Gore agricultural pilot accident free for 45 years

BRITTANY PICKETT/STUFF

Phoenix Aviation chief pilot Brian Casey on his Fletcher aircraft.

In 45 years of agricultural piloting, Gore pilot Brian Casey is most proud of his accident-free record.

The Phoenix Aviation chief pilot has clocked up nearly 30,000 hours in the air and has spread about 400,000 tonnes of fertiliser. While enjoying the independence of flying, Casey has been a role model to company employees and the industry generally for his approach to safe flying.

He was awarded for his contribution to the development of the aerial top dressing industry in New Zealand at the New Zealand Agricultural Aviation Association conference in Hamilton in July.

Growing up on a farm in the Mokoreta Valley, Casey’s father always expected his son to follow in his footsteps and become a farmer, but the farm next door used an agricultural plane for topdressing and the young boy was mesmerised.

READ MORE: Son takes over dad’s topdressing company

“I used to sit there and watch those airplanes coming and going,” Casey said.

He had his first flying lesson in 1967 and from there he was hooked. He worked on a farm to pay for a private pilot license and commercial pilot licence in 1972, and did his training with the Southern District Aero Club in Gore.

In 1972 he began his long career with Phoenix Aviation. He went to do his agriculture training at the Derek Malcolm Agricultural Training School in Whanganui, then returned to Gore and started working as a topdressing pilot on the Landcorp blocks at Te Anau.

“This was the training ground for most of the local ag companies in those days,” he said.

Casey has mainly flown the same Fletcher aircraft since 1979. He has worked throughout Southland, South Otago and Central Otago applying fertiliser. 

In the early years he did a lot of spraying of weeds with fungicides, insecticides and liquid fertiliser.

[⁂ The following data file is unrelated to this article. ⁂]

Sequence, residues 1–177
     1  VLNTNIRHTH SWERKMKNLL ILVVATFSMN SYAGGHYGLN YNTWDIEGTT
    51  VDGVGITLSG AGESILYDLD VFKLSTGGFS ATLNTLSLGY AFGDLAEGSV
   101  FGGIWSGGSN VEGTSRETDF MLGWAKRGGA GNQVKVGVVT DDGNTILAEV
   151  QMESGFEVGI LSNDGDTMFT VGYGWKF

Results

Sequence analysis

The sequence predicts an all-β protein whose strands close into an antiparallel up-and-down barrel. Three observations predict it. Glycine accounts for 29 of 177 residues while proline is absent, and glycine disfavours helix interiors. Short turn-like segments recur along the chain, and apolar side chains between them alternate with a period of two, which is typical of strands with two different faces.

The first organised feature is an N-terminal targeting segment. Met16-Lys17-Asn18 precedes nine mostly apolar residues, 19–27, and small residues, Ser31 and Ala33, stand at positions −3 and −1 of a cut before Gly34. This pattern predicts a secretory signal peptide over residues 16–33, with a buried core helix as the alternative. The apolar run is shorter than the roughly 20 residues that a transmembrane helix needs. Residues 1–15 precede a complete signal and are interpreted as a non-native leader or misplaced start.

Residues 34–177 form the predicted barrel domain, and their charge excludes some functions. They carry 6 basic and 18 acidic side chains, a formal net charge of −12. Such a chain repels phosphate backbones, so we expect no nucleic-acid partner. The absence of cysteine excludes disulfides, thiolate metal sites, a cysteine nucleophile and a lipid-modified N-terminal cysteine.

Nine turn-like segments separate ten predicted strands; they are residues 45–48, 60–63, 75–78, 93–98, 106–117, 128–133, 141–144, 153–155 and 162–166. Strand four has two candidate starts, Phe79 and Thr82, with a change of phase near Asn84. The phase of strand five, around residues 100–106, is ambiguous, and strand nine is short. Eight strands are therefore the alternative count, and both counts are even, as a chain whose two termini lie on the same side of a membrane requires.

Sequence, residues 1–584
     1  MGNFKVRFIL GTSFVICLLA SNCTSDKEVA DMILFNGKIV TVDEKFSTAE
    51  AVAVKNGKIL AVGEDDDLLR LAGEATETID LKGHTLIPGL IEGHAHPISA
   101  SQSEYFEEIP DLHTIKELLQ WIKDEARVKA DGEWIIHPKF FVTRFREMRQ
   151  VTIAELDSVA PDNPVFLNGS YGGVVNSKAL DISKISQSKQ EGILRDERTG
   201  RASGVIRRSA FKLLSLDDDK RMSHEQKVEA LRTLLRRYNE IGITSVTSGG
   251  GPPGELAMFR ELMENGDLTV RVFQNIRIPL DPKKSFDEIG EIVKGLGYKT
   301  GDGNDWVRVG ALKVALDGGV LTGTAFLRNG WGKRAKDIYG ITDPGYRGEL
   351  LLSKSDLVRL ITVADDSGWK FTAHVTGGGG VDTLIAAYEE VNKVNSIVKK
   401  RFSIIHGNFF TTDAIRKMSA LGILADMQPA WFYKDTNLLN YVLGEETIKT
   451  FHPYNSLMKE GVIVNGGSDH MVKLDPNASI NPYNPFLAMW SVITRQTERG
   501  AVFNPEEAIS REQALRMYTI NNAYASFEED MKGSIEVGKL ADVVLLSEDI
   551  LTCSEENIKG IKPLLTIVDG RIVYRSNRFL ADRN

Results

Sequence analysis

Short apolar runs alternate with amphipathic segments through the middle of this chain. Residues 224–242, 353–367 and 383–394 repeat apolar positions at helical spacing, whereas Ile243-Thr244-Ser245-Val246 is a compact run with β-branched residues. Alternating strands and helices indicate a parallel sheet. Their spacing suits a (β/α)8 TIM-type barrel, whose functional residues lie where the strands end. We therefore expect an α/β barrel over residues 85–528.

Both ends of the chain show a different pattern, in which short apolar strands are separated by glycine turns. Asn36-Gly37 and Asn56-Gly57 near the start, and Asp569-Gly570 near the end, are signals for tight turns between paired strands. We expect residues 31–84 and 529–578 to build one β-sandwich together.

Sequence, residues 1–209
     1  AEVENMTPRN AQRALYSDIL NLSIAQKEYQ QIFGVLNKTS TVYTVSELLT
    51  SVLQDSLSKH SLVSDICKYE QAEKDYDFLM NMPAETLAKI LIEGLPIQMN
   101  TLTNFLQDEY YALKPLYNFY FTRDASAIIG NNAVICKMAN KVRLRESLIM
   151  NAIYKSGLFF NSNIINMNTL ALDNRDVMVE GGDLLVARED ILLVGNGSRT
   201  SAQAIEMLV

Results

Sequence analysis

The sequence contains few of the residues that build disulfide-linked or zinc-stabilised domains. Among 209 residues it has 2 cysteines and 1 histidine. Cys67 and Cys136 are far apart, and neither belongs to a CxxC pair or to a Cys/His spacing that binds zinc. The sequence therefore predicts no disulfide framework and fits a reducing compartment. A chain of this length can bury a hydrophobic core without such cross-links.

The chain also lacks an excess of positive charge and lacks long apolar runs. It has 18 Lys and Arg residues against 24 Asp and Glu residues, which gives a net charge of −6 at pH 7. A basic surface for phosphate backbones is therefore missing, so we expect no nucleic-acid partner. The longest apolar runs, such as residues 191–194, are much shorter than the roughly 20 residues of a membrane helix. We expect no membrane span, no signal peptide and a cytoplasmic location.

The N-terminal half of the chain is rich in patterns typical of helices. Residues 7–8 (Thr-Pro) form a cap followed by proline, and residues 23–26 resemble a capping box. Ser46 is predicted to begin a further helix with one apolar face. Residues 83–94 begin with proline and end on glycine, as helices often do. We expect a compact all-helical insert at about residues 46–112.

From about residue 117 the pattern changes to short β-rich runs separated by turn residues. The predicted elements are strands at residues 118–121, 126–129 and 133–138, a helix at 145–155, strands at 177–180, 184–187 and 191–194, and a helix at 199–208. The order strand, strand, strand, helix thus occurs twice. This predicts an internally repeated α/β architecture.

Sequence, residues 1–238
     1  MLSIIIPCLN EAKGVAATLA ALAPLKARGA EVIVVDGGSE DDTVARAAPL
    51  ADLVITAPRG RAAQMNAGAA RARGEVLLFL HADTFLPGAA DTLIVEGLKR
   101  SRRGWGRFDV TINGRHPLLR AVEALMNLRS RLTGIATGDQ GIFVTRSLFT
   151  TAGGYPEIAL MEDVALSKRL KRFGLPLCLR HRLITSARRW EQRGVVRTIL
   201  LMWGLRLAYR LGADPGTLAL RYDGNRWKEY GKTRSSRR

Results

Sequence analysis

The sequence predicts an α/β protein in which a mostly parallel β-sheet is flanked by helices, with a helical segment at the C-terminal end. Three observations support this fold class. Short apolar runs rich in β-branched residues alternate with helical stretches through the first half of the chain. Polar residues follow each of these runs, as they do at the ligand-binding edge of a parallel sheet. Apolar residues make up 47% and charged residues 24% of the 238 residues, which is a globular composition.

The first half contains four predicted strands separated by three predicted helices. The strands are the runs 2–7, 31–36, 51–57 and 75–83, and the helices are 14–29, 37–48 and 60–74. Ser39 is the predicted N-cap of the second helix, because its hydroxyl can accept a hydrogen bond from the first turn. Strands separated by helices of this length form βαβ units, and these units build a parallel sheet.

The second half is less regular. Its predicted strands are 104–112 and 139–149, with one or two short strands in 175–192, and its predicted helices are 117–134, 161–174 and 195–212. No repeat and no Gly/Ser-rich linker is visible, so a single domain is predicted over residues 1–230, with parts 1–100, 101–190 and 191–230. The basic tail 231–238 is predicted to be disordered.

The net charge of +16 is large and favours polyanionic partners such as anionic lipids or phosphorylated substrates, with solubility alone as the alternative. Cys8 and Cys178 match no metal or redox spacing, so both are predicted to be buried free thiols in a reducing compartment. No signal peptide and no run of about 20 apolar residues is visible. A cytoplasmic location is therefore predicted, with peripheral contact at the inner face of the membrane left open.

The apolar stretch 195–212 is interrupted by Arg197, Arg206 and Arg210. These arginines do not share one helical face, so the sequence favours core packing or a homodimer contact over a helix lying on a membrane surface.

Casey has a different view out of his office every day, and no two days are the same. He said he loved the independence flying gave him.

“When you are in the plane you are your own boss.”

Casey said the best days to fly were cool, windless days because hot summer days made for a bumpy ride.

“You really get thumped around some days, it’s really like being on the roughest road.”

While Casey has been accident-free throughout his career, there have been a few scary moments. He has had five engine failures, three in the air and two on the ground, each time managing to manoeuvre his way safely.

Early on his his pilot career many other pilots did not share his accident-free record. It was a dangerous career to be in back then.

“Back in the 1970s they said if you had been in the industry for 20 years you should statistically be dead.”

Since then planes and pilot training had improved a lot, improving the safety record, he said.

There have been many advances in the industry in Casey’s time including turbo prop engines, cell phones and portable weather stations. However, the biggest advancement in the industry has been GPS technology.

Before there was GPS to show where to apply fertiliser, Casey and other pilots used markers on the ground.

“I still prefer the old way.”

Newer pilots would probably be lost without the GPS. Casey said sometimes he would turn it off and do it the old way.

While it’s a career that rules his life, abiding by the weather, and sometimes missing out on long-planned events to work, Casey said he loved the job.

“It’s been a lot of fun, I’ve met some really good people.”


 – Stuff

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